Class of 2012
World No. 1 (2001)
Grand Slam Results
3-time major champion
Overall: 496- 226
Gold Medal in Women’s Singles at the 1992 Barcelona Olympic Games
Member of the U.S. Federation Cup Team 1990-1991,1996, 2000, 2002
Member of the U.S. Championship Federation Team 1990, 2000
Overall Record: 11-4
Singles Record: 10-3
Doubles Record: 1-1
“And She’s Only 13!”
That was the headline Sports Illustrated ran on its March 19, 1990 cover to chronicle Jennifer Capriati’s professional debut, one that saw her reach the finals of the Virginia Slims Tournament in Boca Raton, Florida on March 5th.
No. 3 world ranked Gabriela Sabatini defeated Capriati, 6-4, 7-5, but those details were lost in in the excitement that precocious tennis prodigy Capriati was 13 years, 11 months old, and had just become the youngest player in history to reach a tour final. The prospect of facing this 5-foot-7 power hitter who crushed her flat forehand and two-handed backhand with the precision of a veteran for the next 20 years must have unsettled the women’s tour. Capriati hit the ball with velocity and depth and played like she was much older. The thought process among opponents must have been something like this: If she can defeat established professional players now, not even two years into her teenage years, what does the future hold? Less than a month later, Capriati advanced to the Virginia Slims championships at Hilton Head, losing to Martina Navratilova, 6-2, 6-4.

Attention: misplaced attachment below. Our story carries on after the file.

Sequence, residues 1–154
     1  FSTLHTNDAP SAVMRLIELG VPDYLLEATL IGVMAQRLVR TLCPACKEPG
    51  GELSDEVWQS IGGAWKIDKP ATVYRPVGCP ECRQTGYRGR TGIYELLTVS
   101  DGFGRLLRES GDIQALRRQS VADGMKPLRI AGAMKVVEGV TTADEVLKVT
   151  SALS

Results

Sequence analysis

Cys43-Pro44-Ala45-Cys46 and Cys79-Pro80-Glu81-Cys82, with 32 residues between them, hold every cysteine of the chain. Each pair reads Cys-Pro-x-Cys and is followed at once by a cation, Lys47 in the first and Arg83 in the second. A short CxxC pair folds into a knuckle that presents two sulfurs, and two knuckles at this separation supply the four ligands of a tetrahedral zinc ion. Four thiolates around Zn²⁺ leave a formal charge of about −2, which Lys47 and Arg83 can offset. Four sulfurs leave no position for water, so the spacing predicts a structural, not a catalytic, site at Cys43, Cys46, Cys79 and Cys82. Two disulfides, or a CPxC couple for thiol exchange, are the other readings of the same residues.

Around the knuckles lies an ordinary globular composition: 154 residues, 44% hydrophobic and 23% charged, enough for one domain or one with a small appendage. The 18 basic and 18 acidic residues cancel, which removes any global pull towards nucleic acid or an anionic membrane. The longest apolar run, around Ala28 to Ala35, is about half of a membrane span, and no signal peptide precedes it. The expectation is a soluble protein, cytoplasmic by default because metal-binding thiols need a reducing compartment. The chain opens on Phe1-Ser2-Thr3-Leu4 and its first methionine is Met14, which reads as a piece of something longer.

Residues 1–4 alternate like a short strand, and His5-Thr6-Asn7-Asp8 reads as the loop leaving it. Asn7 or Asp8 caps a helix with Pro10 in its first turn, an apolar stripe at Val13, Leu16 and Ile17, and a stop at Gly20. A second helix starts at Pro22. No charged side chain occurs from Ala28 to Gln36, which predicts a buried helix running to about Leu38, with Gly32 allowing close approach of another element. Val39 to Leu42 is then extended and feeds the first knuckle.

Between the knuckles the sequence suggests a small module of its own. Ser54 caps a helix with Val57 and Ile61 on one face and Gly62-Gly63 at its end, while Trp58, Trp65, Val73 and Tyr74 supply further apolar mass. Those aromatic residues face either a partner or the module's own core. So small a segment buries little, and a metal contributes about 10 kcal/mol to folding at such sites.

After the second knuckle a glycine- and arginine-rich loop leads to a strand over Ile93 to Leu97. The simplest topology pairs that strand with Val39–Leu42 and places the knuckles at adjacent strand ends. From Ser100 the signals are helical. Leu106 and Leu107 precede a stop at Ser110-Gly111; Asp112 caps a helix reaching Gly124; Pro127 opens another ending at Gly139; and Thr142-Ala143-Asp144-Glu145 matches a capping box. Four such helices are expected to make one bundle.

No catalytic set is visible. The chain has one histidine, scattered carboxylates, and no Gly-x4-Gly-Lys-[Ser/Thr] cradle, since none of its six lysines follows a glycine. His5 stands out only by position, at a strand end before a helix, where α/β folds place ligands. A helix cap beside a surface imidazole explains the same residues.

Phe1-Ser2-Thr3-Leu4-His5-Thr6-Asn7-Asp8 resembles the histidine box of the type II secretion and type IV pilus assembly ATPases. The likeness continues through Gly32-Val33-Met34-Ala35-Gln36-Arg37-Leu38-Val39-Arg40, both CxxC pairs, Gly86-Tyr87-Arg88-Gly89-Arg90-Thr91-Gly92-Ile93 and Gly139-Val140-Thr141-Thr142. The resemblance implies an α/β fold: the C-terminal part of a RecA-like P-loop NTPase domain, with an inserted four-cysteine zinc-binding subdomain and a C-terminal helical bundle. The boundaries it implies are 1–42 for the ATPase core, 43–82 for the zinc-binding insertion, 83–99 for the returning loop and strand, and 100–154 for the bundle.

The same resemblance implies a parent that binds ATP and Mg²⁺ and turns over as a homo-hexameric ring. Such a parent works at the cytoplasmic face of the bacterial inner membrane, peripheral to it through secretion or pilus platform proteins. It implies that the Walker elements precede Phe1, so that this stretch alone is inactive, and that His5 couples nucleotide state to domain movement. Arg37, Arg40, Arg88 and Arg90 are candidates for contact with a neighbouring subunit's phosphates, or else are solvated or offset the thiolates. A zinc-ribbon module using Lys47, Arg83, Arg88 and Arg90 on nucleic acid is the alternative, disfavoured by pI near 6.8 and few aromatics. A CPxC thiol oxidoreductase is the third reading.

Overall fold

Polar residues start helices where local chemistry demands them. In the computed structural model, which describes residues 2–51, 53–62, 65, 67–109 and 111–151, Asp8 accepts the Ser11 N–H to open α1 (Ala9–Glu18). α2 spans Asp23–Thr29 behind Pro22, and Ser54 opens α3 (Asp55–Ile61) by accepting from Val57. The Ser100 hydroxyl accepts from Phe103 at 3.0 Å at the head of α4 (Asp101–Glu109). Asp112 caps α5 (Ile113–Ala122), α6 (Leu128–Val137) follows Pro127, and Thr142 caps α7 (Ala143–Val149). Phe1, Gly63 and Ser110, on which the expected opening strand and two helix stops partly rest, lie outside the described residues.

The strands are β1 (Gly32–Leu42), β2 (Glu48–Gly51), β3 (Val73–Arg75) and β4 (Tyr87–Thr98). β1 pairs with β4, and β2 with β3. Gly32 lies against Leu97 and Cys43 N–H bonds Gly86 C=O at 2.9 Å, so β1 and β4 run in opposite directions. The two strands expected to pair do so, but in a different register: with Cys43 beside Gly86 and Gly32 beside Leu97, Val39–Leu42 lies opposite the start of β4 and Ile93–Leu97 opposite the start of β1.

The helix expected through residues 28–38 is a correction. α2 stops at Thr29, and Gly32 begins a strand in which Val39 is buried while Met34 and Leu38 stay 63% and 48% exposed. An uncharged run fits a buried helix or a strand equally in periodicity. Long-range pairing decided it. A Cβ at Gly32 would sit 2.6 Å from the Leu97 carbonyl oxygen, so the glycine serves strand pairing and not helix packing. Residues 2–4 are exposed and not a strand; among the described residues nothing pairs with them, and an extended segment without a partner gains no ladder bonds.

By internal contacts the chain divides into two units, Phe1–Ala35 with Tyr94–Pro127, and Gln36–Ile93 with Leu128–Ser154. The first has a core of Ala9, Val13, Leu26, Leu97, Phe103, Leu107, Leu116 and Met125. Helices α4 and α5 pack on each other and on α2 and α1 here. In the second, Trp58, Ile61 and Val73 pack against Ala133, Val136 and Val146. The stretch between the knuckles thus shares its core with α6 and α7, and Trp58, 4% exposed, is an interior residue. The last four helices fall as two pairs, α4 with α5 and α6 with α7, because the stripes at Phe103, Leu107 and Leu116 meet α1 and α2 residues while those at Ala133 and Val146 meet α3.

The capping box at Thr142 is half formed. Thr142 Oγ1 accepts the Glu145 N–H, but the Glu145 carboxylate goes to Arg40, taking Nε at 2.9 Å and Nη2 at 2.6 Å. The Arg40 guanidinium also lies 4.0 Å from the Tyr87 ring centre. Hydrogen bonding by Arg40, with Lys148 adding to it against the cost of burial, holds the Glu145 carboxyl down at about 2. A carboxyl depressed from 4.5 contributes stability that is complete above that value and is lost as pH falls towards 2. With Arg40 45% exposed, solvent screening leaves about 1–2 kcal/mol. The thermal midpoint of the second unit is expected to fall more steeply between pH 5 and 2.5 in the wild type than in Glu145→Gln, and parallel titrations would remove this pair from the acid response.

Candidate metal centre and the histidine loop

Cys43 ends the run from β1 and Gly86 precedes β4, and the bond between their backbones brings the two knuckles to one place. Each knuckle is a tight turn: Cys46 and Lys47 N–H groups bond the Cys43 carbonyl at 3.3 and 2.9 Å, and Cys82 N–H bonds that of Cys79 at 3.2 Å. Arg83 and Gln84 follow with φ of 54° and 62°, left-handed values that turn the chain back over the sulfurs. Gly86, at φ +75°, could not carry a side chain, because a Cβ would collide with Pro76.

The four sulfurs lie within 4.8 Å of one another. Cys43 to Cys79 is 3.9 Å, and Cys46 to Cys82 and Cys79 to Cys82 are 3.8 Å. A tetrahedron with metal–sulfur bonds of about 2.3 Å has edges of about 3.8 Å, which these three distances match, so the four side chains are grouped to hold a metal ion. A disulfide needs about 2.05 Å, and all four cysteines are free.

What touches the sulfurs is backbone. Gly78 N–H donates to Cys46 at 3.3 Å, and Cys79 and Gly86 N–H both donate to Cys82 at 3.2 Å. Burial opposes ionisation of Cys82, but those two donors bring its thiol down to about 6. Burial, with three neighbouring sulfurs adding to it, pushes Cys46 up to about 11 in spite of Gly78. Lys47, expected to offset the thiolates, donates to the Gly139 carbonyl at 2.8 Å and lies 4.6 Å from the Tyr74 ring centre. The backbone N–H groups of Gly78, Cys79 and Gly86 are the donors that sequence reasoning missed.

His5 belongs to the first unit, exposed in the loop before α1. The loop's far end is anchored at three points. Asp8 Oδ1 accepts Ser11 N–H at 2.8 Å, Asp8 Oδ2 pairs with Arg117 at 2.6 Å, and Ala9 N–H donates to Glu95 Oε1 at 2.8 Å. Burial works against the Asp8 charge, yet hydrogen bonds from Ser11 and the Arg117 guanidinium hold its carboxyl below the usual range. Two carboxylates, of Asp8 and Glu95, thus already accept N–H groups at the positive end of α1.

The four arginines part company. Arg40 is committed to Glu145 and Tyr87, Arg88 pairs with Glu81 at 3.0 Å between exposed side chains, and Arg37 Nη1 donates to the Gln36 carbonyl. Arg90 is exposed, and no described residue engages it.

Capriati’s career began when she was a 5-year-old student of Chris Evert’s father, Jim Evert. From 1990 to 1993 it proceeded as advertised – stunning and successful and promising. She produced an impressive assortment of “youngest ever” firsts and scintillating results for a player so young on the professional stage. Her career dipped from 1994 to 1996 as she left the tour in 1994 to overcome burnout, deal with bone chips in her right elbow, finish high school, and handle personal issues. She returned cautiously in 1996 and over the next three years her career took a remarkable and positive leap forward, a huge reversal over the next six years. She won the first of her three major singles titles during this revival, leading both TENNIS Magazine and ESPN to bestow her with Comeback Athlete of the Year Awards in 1996 and 2002 respectively.
Women’s Tennis Association rules required girls wait until the month of their 14th birthday before entering a professional tournament. While in a holding pattern, Capriati won the U.S. Hard and Clay Court 18-and-under singles titles in 1989, the French and US Open junior singles title in 1989, the US Open and Wimbledon junior doubles titles (along with Meredith McGrath) in 1989, and the Easter Bowl 16-and-under singles title in 1989. That year, at age 13, she was named to the U.S. Wightman Cup Team, another one of her many “youngest ever distinctions.” She defeated British star Claire Wood, 6-0, 6-0, proclaiming at the time, “I am not scared of anybody. I am wondering now if they’re starting to be scared of me.”